Defense Secretary James MattisJames Norman Mattis20 years after 9/11, we've logged successes but the fight continues Defense & National Security — The mental scars of Afghanistan House panel advances 8B defense bill MORE on Tuesday called the current tensions with North Korea “sobering,” but said a meeting of nations in Vancouver, Canada, would continue to press for a diplomatic solution to denuclearize the nation.
“The situation we face, I would call it sobering,” Mattis told reporters en route to Vancouver for the United Nations Command Sending States, an event co-hosted by Secretary of State Rex TillersonRex Wayne TillersonThe Hill's Morning Report - Presented by AT&T - Supreme Court lets Texas abortion law stand Trump-era ban on travel to North Korea extended Want to evaluate Donald Trump's judgment? Listen to Donald Trump MORE and Canadian Minister of Foreign Affairs Chrystia Freeland.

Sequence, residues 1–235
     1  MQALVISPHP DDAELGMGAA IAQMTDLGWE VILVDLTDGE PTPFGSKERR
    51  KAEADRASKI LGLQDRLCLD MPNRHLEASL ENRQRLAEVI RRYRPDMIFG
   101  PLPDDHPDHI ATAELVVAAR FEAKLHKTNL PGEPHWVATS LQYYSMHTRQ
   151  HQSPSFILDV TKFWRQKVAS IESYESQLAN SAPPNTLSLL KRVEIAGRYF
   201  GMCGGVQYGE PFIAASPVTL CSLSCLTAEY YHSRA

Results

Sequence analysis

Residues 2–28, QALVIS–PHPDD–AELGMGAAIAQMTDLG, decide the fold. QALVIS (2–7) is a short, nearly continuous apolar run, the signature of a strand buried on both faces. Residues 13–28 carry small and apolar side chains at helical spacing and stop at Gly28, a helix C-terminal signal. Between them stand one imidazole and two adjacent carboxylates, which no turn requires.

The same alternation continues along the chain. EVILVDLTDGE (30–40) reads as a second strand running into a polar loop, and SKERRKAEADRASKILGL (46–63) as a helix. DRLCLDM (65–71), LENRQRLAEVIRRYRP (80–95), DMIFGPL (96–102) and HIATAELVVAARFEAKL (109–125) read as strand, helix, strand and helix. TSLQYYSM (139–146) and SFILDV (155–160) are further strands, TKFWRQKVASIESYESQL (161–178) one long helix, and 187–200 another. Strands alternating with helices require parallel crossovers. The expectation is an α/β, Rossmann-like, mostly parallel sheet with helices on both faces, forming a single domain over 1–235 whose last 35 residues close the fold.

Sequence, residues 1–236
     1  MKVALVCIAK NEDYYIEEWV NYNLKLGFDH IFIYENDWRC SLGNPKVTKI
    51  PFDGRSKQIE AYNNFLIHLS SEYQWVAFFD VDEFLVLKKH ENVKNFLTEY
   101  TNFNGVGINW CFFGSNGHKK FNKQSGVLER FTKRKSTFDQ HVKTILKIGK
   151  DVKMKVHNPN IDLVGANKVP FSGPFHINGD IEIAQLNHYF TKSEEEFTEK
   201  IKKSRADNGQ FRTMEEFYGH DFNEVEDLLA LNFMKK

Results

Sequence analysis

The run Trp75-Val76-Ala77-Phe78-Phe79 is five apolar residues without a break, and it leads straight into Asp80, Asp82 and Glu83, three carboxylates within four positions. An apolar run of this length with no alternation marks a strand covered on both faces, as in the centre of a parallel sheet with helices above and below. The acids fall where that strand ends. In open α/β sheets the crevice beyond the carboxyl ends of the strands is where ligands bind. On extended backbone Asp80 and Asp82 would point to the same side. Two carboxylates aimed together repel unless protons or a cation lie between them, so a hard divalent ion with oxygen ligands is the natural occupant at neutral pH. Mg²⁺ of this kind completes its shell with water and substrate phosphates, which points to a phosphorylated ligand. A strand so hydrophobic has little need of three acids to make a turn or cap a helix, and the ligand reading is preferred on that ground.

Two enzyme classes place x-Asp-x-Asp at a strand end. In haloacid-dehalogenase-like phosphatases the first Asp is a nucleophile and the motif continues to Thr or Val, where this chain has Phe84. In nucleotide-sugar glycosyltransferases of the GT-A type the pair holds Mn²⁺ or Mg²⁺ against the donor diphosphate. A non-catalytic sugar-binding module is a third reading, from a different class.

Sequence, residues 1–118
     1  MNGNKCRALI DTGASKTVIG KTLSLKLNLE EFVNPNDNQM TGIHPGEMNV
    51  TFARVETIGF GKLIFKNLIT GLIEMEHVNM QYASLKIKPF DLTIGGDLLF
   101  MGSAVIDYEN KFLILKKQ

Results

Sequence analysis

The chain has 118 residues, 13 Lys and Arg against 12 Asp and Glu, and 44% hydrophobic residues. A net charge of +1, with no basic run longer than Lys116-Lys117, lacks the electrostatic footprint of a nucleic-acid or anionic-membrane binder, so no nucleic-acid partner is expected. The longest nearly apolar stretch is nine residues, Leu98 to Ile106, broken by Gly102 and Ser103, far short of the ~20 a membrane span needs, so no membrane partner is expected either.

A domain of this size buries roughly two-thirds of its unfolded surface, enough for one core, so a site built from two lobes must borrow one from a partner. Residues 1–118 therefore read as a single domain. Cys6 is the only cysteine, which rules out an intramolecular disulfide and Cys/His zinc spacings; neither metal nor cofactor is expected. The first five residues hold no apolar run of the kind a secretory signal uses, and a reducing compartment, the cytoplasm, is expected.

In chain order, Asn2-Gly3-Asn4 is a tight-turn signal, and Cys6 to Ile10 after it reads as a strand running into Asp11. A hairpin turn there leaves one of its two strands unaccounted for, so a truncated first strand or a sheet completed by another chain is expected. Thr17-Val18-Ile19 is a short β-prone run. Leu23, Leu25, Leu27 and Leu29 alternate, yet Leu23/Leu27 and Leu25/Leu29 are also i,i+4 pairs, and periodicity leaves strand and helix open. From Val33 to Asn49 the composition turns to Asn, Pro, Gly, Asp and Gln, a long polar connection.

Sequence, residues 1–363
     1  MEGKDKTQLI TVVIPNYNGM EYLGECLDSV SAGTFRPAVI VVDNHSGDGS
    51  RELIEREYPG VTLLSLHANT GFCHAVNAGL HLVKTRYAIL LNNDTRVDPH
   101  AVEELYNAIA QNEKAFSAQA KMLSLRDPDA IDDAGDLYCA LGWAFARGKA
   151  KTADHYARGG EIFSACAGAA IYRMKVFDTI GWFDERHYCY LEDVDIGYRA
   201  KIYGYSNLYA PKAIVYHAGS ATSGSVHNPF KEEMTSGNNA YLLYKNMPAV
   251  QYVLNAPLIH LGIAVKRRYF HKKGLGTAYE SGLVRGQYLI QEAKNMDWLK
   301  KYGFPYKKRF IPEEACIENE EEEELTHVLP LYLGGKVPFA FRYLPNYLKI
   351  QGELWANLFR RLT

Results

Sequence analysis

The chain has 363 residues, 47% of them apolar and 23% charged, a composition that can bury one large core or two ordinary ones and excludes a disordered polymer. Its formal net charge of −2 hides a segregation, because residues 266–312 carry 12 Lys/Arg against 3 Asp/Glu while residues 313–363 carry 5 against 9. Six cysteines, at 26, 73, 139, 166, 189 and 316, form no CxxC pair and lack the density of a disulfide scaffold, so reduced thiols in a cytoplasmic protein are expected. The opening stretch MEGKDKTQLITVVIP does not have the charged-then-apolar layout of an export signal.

“But this meeting is designed to still make progress diplomatically such as you've seen with three unanimous [U.N.] Security Counsel resolutions over these last months," he said.
Mattis noted, however, that diplomats “are backed up by our military options.”
“Obviously the whole point is to reinforce the diplomatic option to show that there are military options should there be a DPRK attack,” he said, referring to North Korea's official name.
North Korea launched more than a dozen ballistic missile tests in 2017, with one hydrogen bomb test in September, but no activity has happened in 2018 so far.
Mattis said international efforts appear to be having some effect on North Korea, pointing to recent talks between the North and South.
It was announced after the talks that Pyongyang would send a 140-member orchestra to the Olympic Games in Pyeongchang, South Korea, in February.
“I think it is a positive indicator. We just don't know where or how far it goes. Does it have traction? Will it go a long ways or will it go no further than this? I don't know,” Mattis said.
Mattis also addressed the emergency alert warning mistakenly sent to Hawaii residents on Saturday about an incoming ballistic missile. The incident took 38 minutes to correct, sending residents scrambling.
The Defense secretary said state officials are taking “full ownership of the problem” and will “figure out what went wrong and they'll put procedures in place.”